1. The bad guys can refuse to tell you about a security update you actually needed, fooling you into thinking you're secure when actually they have an exploit that you were supposed to be updated against but you aren't.
2. The bad guys can trickle you a "bad" update that's been superseded, making your security worse. This is a genuine update, made by (in this case) Debian, but which happened to have some bug in it that you'd rather not have. Real repos may have held this update only for a few hours at some point, or even only on some testing server and not on their main repo at all, but if they're signed then you'll never know once the bad guy repo lies to you about how you ought to download the update.

Re: Just don't ignore any warnings? (0)

Anonymous Coward | about a year ago | (#44004091)

If someone is ignoring warnings about missing public keys, they probably also have bigger problems.

Re: Just don't ignore any warnings? (1)

jones_supa (887896) | about a year ago | (#44004919)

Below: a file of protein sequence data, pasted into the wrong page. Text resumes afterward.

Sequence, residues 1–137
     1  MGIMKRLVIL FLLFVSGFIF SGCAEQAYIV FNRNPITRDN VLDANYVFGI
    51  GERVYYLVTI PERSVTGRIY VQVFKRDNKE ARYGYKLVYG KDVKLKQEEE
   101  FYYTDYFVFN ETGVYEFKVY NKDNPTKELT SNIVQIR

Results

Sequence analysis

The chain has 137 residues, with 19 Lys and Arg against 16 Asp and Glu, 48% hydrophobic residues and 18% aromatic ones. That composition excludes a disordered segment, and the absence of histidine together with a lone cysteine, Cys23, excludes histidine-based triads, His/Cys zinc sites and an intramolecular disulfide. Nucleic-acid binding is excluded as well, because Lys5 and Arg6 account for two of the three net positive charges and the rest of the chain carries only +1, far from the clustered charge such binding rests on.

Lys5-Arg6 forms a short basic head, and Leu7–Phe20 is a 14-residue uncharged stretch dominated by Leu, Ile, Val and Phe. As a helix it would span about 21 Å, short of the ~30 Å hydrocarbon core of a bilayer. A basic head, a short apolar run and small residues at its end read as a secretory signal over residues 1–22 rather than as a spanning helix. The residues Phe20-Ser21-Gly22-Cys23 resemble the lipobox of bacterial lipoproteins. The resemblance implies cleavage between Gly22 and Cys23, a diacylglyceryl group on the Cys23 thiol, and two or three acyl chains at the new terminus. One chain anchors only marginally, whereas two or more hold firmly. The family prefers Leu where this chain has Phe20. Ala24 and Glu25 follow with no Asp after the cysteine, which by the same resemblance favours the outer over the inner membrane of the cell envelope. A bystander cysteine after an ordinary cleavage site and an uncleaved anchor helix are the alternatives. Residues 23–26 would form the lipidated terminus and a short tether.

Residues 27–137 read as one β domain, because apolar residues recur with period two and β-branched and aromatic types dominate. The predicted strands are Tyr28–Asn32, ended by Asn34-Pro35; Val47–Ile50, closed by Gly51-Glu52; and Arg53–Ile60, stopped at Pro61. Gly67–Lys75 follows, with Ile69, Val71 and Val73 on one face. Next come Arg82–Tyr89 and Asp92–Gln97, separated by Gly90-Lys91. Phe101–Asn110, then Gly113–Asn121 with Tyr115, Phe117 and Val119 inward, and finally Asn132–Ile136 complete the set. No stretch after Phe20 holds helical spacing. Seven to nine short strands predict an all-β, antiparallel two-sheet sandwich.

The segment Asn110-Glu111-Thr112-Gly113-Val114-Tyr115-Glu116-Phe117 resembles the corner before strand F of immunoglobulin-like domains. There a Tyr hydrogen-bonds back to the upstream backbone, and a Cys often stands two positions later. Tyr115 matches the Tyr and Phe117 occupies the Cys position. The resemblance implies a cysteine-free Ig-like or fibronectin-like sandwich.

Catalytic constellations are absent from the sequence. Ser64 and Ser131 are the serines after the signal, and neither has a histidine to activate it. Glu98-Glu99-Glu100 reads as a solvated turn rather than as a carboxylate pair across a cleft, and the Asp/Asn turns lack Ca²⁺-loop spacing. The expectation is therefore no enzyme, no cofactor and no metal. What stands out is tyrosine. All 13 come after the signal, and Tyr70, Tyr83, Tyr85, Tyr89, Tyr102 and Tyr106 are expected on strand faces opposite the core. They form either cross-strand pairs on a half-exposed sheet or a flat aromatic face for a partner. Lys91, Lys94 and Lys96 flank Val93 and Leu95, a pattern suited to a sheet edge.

If someone is ignoring warnings about missing public keys, they probably also have bigger problems.

Alcoholism, depression...

Re: Just don't ignore any warnings? (2)

Threni (635302) | about a year ago | (#44004969)

Lions, tigers, bears...

Re: Just don't ignore any warnings? (1)

sjames (1099) | about a year ago | (#44005381)

Oh MY! [gstatic.com]

Ugh, forks (4, Interesting)

BitZtream (692029) | about a year ago | (#44003669)

He said (d-m.o) he stopped using the name because she told him to.

She said (the actual debian team) he shouldn't use the confusion it causes and people think donating to him is for Debian in general due to the scammy way its worded and fine print ...

He said, I'll just dump the original name, then in my nice passive aggressive way, I'll use another name that is going to cause more or less the exact same problem! That'll teach those guys!.

She then had to warn all of her customers because he just let the domain expire and be taken over by someone else for phishing purposes, he is such a considerate guy, she said under her breath.

So basically, the debian-multimedia guy is being an ass by not only making a new nearly equally confusing name, the jack ass let the old one expire immediately so that someone else could pick it up, and in tiny print (wtf is with jackasses making text small, let the browser do its job douche) he puts on his website ... that no one visits after the initial hits because they now have the repository in /etc/apt anyway ... there he tells of the change ...

Since apt doesn't validate that the domain is held by a trusted source/known private key before accepting it, this is a known issue and the d-m.o guy is just being an unhelpful ass.

After reading everything, I think d-m.o douche could have been a lot more professional.